The majority is quite correct that the term “authorized” may be interpreted as connoting a delegation not only of power or authority, but also of discretion. There is, however, another, equally acceptable definition of the term. Webster's Third New International Dictionary defines the term simply to mean: “to give legality or effective legal force to.” Webster's Third New International Dictionary 146 (1986). This alternative understanding of the term is reflected in the Black's Law Dictionary definition published contemporaneously with passage of the Flathead Act: “ ‘Authorized’ is sometimes construed as equivalent to ‘permitted’; and sometimes as equivalent to ‘directed’; or to similar mandatory language.” Black's Law Dictionary 169 (4th ed.1968)(internal citations omitted). To illustrate the directed or mandatory use of the term “authorized”, the 1968 edition of Black's Law Dictionary cites two cases, neither of which interpreted statutes that contained additional words or terms expressing mandatory intent. See U.S. Sugar Equalization Board v. P. De Ronde & Co., 7 F.2d 981, 986 (3d Cir.1925); Catron v. Marron, 19 N.M. 200, 142 P. 380, 382 (1914); see also 3 Sutherland Statutory Construction 46 (6th ed. 2001)(“Where statutes provide for performance of acts or the exercise of power or authority by public officers protecting private rights or the public interest, they are mandatory.”).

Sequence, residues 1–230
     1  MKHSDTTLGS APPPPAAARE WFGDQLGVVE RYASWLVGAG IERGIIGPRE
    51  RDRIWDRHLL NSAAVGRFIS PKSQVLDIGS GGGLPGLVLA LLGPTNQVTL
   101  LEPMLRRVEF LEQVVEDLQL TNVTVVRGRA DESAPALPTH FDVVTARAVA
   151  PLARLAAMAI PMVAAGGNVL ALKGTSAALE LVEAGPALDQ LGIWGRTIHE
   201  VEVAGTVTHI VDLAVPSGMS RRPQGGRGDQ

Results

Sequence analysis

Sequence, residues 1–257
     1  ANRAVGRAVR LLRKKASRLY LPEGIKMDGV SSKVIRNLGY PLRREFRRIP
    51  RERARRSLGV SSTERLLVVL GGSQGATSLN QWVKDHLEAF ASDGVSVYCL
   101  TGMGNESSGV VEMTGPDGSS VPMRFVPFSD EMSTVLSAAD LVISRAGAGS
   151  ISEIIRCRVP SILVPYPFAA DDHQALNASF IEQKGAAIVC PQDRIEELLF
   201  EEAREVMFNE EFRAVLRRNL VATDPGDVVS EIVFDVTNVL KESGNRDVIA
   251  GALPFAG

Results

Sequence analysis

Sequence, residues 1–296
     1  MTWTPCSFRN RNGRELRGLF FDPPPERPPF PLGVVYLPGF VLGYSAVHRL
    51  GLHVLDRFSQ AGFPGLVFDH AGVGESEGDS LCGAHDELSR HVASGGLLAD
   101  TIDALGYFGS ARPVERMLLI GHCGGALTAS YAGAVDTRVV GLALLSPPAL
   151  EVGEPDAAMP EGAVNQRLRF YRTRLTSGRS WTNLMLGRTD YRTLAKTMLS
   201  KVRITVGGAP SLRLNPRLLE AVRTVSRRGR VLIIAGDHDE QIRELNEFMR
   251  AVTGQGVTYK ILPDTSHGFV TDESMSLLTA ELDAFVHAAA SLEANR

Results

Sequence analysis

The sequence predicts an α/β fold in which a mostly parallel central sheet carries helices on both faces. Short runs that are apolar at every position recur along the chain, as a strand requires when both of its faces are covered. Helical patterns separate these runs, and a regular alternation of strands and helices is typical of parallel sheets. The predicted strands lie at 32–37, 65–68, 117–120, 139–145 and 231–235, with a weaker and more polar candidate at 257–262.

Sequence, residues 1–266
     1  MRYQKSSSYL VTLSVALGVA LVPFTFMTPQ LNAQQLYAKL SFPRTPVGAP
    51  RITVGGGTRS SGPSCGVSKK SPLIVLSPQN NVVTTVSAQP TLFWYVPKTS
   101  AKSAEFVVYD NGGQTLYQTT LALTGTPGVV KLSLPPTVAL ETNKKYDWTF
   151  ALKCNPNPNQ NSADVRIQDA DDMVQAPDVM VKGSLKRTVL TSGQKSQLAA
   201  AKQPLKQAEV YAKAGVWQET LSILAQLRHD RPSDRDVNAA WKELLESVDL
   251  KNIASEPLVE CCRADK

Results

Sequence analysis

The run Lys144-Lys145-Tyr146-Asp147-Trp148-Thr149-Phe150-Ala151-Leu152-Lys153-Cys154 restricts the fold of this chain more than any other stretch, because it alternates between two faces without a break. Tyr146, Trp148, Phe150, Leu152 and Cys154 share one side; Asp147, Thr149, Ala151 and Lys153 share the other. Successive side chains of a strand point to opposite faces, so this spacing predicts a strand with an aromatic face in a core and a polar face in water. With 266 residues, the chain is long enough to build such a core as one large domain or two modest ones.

Nor does Congress' use of the word “shall” in § 2 of the Flathead Act indicate that the term “authorized” in the same section is permissive. If “authorized” is given a mandatory meaning in the first sentence of § 2, then there is no conflict with the mandatory term “shall” in the second sentence. See In re Thrift Shoe Co., Inc., 502 F.2d 1211, 1213(9th Cir.1974).
Although I am not convinced that the plain language of the statute allows no other construction, I believe that the Secretary's construction of § 2 of the Flathead Act is reasonable and entitled to Chevron deference.1 The Senate Report on the Flathead Act indicates that Congress wanted the Secretary to retain discretion over Flathead Act transfers. S.Rep. No. 1134, at 2 (1968) (“The purpose of [the Act] ․ is to authorize the disposal of [land on the Flathead Reservation], and to authorize the Tribes to acquire Indian- or non-Indian-owned lands to be held in trust for tribal use or conveyance to tribal members in trust. Any transfer of lands under the bill would be subject to the prior approval of the Secretary of the Interior.”) (emphasis added).
The Secretary's construction of the Flathead Act is also consistent with the earlier, more general Indian Reorganization Act of 1934 (“IRA”). The IRA provides that, “[t]he Secretary of the Interior is hereby authorized, in his discretion, to acquire ․ any interest in lands ․ within or without existing reservations․” 25 U.S.C. § 465. The Tribes, citing Muscogee Nation v. Hodel, 851 F.2d 1439, 1443-44(D.C.Cir.1988), argue the omission of the term “in his discretion” from the later Flathead Act indicates that Congress intended to change the Secretary's authority from discretionary to mandatory in enacting the Flathead Act. It is, however, equally likely that the omission of these words from § 2 of the Flathead Act was intended to indicate that authority to acquire lands could now be triggered by the Tribes' request, rather than solely by the Secretary's independent decision to acquire lands for the Tribes.